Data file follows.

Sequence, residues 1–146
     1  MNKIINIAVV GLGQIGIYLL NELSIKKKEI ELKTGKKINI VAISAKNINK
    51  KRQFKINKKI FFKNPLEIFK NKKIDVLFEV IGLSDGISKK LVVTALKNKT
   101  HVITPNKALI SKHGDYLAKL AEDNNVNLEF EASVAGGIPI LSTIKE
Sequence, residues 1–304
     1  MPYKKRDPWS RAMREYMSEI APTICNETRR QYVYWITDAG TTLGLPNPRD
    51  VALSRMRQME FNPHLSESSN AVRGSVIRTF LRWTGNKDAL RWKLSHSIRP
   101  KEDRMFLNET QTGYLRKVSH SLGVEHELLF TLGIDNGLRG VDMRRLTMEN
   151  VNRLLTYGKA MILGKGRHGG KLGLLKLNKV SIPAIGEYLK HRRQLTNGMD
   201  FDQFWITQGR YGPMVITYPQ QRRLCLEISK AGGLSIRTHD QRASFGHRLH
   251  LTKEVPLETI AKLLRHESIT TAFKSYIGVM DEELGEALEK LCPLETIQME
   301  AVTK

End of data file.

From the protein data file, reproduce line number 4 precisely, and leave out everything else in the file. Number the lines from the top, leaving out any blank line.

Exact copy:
   101  HVITPNKALI SKHGDYLAKL AEDNNVNLEF EASVAGGIPI LSTIKE